• The year programme for Grade 7 – 9 Mathematics should be realistic.
  • There should be regular, on-going workshops for teachers. Teaching material must be provided to teachers in time to help them in teaching.
  • As much as content gap workshops and assistance in methodology are important, there is a need to monitor teaching and learning at school level.

 

Findings

This report is based on the input of a small sample of mathematics teachers and subject advisors. Even though this sample was small, the participants provided some very rich data which the writer could work with. Clearly, initiatives to improve teaching and learning of Grade 9 Mathematics have not had a positive influence on learner performance. Although the writer believes that more research needs to be done on this matter, some key findings of this report are now highlighted. These are:

  • There should be a concerted effort at all levels to promote good teaching practices for Mathematics at all levels, especially in the years up to grade 9.
  • More content workshops and training should be arranged for teachers of Mathematics. This should be organised by the Education Department, NGOs, Universities and other stakeholders. Content workshops should be more focussed with emphasis on the areas where learners perform poorly.
  • Departmental officials should monitor teaching and learning at schools. These school visits should be developmental in nature with the express purpose of improving teaching and learning. Curriculum coverage should be checked during these visits and advice or suggestions given to teachers.
  • SBA moderation for Grade 9 should occur in a similar manner as the Grade 12 moderation. Poor learner performance could be detected and addressed much earlier by teachers and district officials.
  • Teachers should be trained on how to set balanced test and exam papers in Mathematics. They should expose their learners to different types of questions during their teaching. Also ANA- type examples should be incorporated into normal classroom teaching when the relevant topics are being taught. These examples could be obtained from past year papers or from the exemplar papers supplied by the Education department.

The participants in this report were very much in support for a National Examination for Grade 9 Mathematics as a way of improving teaching and learning not only in grade 9 but across the Senior Phase. Teachers in the Senior Phase would know that the work covered in this phase is very important and would culminate in an examination at the end of the phase.

In this regard, the grade 9 school-year is an important year in a learner‟s schooling career. It marks the end of the General Education and Training (GET) Band, the end of the Senior Phase and the end of compulsory education.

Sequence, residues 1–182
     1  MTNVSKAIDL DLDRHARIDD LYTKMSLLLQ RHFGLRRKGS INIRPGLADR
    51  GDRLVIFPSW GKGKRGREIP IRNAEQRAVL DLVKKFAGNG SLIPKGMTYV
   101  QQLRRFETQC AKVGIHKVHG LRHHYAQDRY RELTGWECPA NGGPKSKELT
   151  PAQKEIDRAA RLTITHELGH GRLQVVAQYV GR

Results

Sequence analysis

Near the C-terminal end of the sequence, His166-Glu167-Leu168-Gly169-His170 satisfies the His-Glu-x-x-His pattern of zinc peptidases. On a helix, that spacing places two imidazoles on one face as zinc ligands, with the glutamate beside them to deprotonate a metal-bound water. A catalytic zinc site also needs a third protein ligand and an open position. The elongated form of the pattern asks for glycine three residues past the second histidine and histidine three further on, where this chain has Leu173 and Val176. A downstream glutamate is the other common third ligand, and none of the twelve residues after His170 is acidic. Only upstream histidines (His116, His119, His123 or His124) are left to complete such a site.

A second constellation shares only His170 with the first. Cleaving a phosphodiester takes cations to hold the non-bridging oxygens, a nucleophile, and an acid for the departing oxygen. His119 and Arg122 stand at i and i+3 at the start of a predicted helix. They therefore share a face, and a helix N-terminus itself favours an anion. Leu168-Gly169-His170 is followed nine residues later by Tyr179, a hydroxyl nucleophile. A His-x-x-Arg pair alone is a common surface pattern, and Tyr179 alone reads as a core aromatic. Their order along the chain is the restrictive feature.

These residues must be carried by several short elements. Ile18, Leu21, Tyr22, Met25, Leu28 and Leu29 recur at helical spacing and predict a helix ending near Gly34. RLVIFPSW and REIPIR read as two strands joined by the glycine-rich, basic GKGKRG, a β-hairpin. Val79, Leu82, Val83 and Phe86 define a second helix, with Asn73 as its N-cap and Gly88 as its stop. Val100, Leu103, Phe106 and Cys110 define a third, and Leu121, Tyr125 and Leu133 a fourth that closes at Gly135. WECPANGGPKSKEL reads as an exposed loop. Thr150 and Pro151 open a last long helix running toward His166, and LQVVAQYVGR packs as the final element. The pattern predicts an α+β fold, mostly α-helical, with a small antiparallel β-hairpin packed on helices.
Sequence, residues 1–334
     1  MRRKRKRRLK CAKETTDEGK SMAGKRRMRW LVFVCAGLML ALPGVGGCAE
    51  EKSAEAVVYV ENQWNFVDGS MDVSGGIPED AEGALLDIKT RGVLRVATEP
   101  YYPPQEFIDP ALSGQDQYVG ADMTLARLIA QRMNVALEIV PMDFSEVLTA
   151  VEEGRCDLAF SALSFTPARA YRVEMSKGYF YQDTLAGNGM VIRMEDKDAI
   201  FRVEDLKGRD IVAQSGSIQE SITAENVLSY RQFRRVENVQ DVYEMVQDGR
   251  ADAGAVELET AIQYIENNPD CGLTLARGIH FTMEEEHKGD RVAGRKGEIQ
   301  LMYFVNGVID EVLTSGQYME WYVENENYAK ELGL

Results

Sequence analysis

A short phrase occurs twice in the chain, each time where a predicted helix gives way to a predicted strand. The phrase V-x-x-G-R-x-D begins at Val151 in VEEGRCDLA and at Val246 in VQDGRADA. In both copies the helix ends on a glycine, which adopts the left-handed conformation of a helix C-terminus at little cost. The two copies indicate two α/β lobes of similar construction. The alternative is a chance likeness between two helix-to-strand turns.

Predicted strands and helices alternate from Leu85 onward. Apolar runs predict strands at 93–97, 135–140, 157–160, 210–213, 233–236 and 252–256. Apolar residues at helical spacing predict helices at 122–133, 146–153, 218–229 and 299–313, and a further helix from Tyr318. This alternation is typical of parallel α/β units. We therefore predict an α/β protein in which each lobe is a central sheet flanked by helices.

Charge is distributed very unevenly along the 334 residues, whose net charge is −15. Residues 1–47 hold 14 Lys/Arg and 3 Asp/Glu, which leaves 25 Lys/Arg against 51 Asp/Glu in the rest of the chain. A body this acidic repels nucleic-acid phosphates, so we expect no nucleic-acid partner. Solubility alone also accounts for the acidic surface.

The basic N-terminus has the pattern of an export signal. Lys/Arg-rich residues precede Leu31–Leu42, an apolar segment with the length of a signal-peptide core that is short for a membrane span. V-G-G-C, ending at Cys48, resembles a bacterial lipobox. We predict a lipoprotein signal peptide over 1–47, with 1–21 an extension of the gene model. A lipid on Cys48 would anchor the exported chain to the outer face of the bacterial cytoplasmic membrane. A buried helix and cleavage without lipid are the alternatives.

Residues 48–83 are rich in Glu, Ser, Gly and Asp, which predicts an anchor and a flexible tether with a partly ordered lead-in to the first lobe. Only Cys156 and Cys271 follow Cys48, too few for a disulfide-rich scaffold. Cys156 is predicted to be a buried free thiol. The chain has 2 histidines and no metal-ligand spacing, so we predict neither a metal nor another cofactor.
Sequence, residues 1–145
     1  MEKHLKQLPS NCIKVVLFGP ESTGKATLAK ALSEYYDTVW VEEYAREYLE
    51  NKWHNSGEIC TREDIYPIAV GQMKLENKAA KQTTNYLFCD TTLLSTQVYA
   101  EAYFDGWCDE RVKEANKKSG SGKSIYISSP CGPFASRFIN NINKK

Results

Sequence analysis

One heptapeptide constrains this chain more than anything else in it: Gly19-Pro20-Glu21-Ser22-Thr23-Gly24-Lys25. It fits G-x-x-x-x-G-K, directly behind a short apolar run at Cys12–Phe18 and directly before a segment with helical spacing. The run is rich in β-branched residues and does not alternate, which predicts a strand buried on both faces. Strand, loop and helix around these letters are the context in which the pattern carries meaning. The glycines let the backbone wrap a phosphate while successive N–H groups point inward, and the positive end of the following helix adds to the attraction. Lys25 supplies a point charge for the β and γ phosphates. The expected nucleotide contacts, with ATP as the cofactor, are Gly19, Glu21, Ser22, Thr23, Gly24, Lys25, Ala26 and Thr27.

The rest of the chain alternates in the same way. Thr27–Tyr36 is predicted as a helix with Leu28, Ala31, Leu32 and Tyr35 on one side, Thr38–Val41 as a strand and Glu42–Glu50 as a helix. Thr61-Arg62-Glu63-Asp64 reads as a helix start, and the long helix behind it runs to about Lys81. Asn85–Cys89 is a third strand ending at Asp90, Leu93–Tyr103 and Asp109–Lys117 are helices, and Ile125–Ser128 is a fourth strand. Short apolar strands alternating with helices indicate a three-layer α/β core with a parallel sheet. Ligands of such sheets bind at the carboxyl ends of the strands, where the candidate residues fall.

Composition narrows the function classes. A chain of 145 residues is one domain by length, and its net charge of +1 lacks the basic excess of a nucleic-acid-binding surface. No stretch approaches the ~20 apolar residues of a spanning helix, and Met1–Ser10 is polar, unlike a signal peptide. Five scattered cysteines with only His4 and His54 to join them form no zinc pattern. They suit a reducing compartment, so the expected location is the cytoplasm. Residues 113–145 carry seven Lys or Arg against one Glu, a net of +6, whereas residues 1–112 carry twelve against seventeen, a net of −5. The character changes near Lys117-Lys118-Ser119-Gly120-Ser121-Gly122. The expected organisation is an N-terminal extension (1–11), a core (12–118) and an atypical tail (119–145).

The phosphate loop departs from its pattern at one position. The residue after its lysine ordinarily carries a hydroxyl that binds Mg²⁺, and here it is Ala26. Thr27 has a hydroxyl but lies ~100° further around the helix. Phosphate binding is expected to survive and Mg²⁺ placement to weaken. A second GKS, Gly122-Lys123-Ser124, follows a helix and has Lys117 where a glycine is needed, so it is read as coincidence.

Conclusion and recommendations

Despite attempts to improve the teaching and learning of Mathematics at grade 9 level, the performance of learners in the Annual National Assessment (ANA) has not been promising.

A comparison of the final grade 9 Mathematics marks to the ANA marks shows very marked differences in learner achievement. It is possible that the final marks are inflated with high school-based assessment (SBA) marks. This may give learners a false sense of achievement in Grade 9 Mathematics. The impact of poor ANA performance and inflated grade 9 final marks (as a result of school-based assessment) has serious implications for Mathematics in the FET.

Over the past few years, there has been a steady stream of learners moving from Mathematics to Mathematical Literacy, in the FET. This means that the pool of learners leaving grade 12 with Mathematics is diminishing and this impacts on the number of learners available to study important fields such as Science and Engineering at South African universities.

The problems associated with Mathematics in the FET can be traced to earlier grades. One way in which this this issue could be addressed, as this report suggests, is the writing of a common National Mathematics Examination for grade 9.

On this matter, the Advisory Committee for Mathematics (ACM) recommends that the Department of Basic Education introduce a National Examination for Grade 9 Mathematics as a means of addressing the poor quality of mathematics teaching and learning. This should be done in a consultative and planned manner with a key focus on teacher development and learner improvement.

 

References

AMESA (2013). AMESA submission to DBE: standard of ANA grade 9 paper. Available from www.amesa.org.za

Cohen, L., Manion, L. and Morrison, K. (2000).Research methods in education. 5th ed. London: RoutledgeFalmer

Department of Basic Education (DBE) (2011). National curriculum statement (NCS): Curriculum and assessment policy statement. Senior Phase (grades – 9). Pretoria. Government printing works.

Department of Education (DoE) (2002). A draft framework for the development of common tasks for assessment (CTA). Pretoria: National Department of Education.

Govender, VG (2013). A survey of selected schools on the 2012 grade 9 Mathematics ANA results: Implications for teaching and learning: available from www.samf.ac.za